Whether it has an extra cinnamon stick, multiple types of peppercorns, a carrot, or extra peanuts, the one common thing among all these mole recipes is the large quantity of spices, nuts, seeds, and chilies that comprise that special sauce, which sometimes totals 20 different ingredients! No matter where in Mexico you travel, you will find some variation of Mole, but one state holds the crown for the tastiest and rumored home of mole, Puebla.

This month, we are debuting Paloma’s incredible family recipe for mole taught to her by, of course, her grandmother. This Mole Poblano is rich and sweet and full of layered flavor. Now, the box contains all the dry ingredients that make famous mole, but there are still a few ingredients that may be a little harder to find if you don’t have access to a Mexican or Latino market. Fear not: our team of recipe developers and testers have tested a plethora of substitutions to make for a tasty mole even if you can’t make it to the Mexican Market.

Bolillos are Mexican rolls. These rolls are dry, crunchy and are often used for Mexican sandwiches because they are known for not being too sweet.  Bolillos aren’t commonly found in regular bakeries, but they are a staple at any Mexican market or bakery. Can’t find a bolillo? Here is a common substitution to make sure you have a tasty, thick sauce.

French Bread/Roll

French bread worked well as a substitution, as it is the most similar to Bolillo bread, only with a rougher crust. Using french bread produced a richer and sweeter mole compared to Paloma’s recipe. The sweet flavor highlights the cinnamon, though, so beware!

Bimbo White Bread 

Do not be fooled: all white breads are not equal. We know it might be tempting to just swap out your bolillo for sliced white bread, but from our experience, we advise you to resist the urge.  We used the commonly found Bimbo sliced white bread and it was much too sweet for the mole! Instead of helping to bring out the mole flavors, it overpowered it. Most importantly, the mole lost its spicy kick!  Take our advice and avoid the sweet, soft sliced white breads.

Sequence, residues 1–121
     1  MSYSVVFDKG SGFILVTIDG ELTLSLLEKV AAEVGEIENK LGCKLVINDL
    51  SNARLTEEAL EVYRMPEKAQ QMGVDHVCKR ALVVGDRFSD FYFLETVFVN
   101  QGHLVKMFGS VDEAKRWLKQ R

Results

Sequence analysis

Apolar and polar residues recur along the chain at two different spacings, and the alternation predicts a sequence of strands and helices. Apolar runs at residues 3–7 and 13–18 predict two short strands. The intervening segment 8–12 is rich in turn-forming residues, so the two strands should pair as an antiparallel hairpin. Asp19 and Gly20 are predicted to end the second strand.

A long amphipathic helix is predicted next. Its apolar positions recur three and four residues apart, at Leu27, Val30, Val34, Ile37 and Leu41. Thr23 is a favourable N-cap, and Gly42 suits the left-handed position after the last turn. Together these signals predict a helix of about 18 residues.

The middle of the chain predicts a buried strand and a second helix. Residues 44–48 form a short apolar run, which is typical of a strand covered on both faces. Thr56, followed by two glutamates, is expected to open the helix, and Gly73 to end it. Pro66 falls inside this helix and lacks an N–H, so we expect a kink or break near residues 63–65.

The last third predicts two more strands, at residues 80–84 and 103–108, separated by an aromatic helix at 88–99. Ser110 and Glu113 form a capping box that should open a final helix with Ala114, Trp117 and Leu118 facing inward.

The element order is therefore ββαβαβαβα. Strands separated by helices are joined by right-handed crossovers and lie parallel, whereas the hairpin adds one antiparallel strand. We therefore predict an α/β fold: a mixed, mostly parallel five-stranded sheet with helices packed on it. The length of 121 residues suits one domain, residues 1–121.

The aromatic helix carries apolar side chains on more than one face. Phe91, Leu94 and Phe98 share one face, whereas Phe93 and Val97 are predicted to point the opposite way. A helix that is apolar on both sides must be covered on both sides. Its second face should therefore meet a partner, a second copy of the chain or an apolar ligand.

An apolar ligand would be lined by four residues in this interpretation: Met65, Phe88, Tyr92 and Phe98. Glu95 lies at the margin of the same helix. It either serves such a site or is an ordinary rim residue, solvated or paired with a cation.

Plantains are in the banana family but aren’t quite the peelable lunch variety. In mole recipes, plantains act as a thickening agent to help create a deeper flavor of the nuts and chocolate.  Plantains come in a few varieties and stages of ripeness. They are common in Mexican and Latino markets, but if you can’t find them at your local grocer, feel free to use these one of these two substitutions.

Unripe bananas

Using unripe bananas produced a flavor closest to Paloma’s mole. The consistency of this mole was slightly sweeter, creamier, and had a bit more kick at the end of every bite making for a nice finish.

Sweet Potato 

Using sweet potato definitely thickened up the mole sauce compared to Paloma’s mole, which produced a slightly grittier and less pureed mole that left us tasters with the occasional spicier bite. While the flavor wasn’t too far off from Paloma’s mole, make sure to add more chicken broth and blend for longer if substituting sweet potato for plantains, as they proved to be tough to blend!

Peanuts–to shell or not to shell? 

There are so many steps to making mole that we attempted to shortcut one, the shelling of roasted peanuts. Instead, we used pre-shelled peanuts. While the flavor wasn’t too far off from Paloma’s mole recipe, it did produce a slightly sweeter, thicker and creamier mole lacking the more full-roasted flavor when shelling peanuts yourself. If you want the real deal, set aside to the time to crack all the shells from those peanuts!

We hope this informs your grocery shopping efforts and saves you some time when looking for those less available mole ingredients that we can’t ship you in your CK Box!

Happy Mole-making!

The Culture Kitchen Team